and
white)
were
found in the wall fall east of the summit
room, revealing
that the east face of the summit room was once decorated
with
polychrome
friezes.
The central staircase
system
consists of two
separate
staircases that ascend the east face of the main mound. One
rises from the lower atrium to the
upper
atrium
(fig. 8f)
and the second rises from the
upper
atrium to the entrance
of the summit room. Initial construction of the lower stair-
case was
completed during
Moxeke Phase
A,
and
during
Moxeke Phase B the lower atrium floor was raised 2.2
m,
covering part
of the first staircase and
providing
the start-
ing
level for the
overlying
staircase. Excavations of the low-
er staircase
(figs. 8f, iia)
revealed 39
steps, including
one
landing
area and one
bench, totaling
11.5 m in elevation.
The first 26
steps
of the staircase are 10.5 m wide and in-
set. The next three
steps
are 5 m wide and lead from a land-
ing up
to a bench. The final 10
steps
are 6.75 m wide and
inset into the east
edge
of the
upper
atrium.
The
upper
staircase has
approximately
46
steps
and
rises almost 13 m
(fig. 8i, iib).
This staircase consists of
four
segments
that
vary
in width. All but the lowest was ex-
posed by excavation,
however this first staircase
segment
was
probably
about 5 m
wide, inset,
and contained
ap-
proximately
16
steps.
The second inset staircase
segment
that leads
up
to a wide
landing
is 5 m wide and contains
four
steps
(fig. iib).
The third inset
segment
of this stair-
case narrows as it ascends to the
upper landing.
The first 13
steps
measure 17 m
wide,
then the staircase narrows to 9
m in width for the last five
steps
(fig. iib).
The fourth and
final
segment
consists of a 5 m wide
free-standing
staircase
of
eight steps leading
from the
upper landing
to a bench
along
the east wall of the summit room. The sides of this
staircase
align
with the side walls of the east entrance to the
summit room
(fig. iib).
Moxeke Phase ceramics were re-
covered
during
excavation of this
upper
staircase and the
stratigraphic position
of the staircase demonstrates its
Moxeke Phase B date.
Architecture
exposed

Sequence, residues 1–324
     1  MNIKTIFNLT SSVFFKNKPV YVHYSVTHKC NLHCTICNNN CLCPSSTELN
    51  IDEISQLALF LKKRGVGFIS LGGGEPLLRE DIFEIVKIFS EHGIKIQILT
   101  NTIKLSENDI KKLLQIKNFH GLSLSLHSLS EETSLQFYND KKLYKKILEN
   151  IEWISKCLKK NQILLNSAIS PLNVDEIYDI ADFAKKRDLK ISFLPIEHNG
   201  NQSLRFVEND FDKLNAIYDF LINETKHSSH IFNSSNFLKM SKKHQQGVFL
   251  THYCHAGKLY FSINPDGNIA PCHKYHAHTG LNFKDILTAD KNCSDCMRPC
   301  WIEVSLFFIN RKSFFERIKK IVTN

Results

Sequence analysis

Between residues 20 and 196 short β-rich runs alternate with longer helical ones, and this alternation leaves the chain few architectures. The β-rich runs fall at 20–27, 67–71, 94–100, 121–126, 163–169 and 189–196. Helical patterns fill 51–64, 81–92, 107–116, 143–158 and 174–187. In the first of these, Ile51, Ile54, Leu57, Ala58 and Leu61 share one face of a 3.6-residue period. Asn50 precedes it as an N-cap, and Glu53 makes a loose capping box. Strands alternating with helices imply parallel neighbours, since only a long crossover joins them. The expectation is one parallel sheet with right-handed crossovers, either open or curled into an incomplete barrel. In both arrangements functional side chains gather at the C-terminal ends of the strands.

in the south
wing
of the
upper
atrium was
assigned
to Moxeke Phase B because of its ar-
chitectural connection to the
upper
staircase
system
(fig.
8j).
Looting
in this area resulted in
heavy damage, leaving
only
scant remains of two rooms. The north room is
reached from the
upper
atrium
by way
of a 1.65 m wide
doorway.
Within this room a
square
bench contains four
column
holes,
each
measuring
about 35 cm in diameter
and
containing
the remains of column cores of cane
wrapped
in a
plant-fiber rope
of
junco (Scirpus sp.)
These
columns
may
have
supported
a
roof,
creating
a veranda
that served as a
reception
area for visitors to the south
wing.
Junco
fiber
rope
remains from one column hole were
dated to 1260 115 cal B.C.
(table i).
Journal of
Held
Archaeology [Vol. 30,
2005 153
Figure
11. Plan of the main staircase
system. A)
Staircase from the lower atrium to the
upper atrium; B)
Staircase from the
upper
atrium to the summit of the main mound.
154 Architecture and
Chronology
at Sechin
Alto,
Casma
Valley,
Peru/Pozorski
and Pozorski
The second room is entered from the east side of the ve-
randa. Here all that remains of a much
larger
room is a
par-
tially preserved
bench
supporting
a
low, square platform
abutting
the main mound. South of this
platform
is a col-
umn hole and a remnant of
protruding plaster
that
may
be
the remains of a frieze.
On the north
wing,
a
rough
floor of
gray silty plaster up
to 12 cm thick covers the surface of the 3.75 m
deep
Mox-
eke Phase B fill of the Moxeke Phase A room. Charcoal and
wood in this fill dated to 1500 55 cal B.C.
(table i).
The
fill
yielded
a
stylized
bird-head
pendant
of unidentified
green stone,
but no
diagnostic pottery.
Imbedded in the
gray
silt floor is an
alignment
of seven small
postholes,
10-12 cm in
diameter,
that were covered
by
later Haldas
Phase architecture. Wood
fragments
from these
postholes
were dated to 1400 70 cal B.C.
(table i).
Moxeke Phase
B ended before
any
structures were built on the north
wing.
Portions of two rooms
forming
the south border of the
first
plaza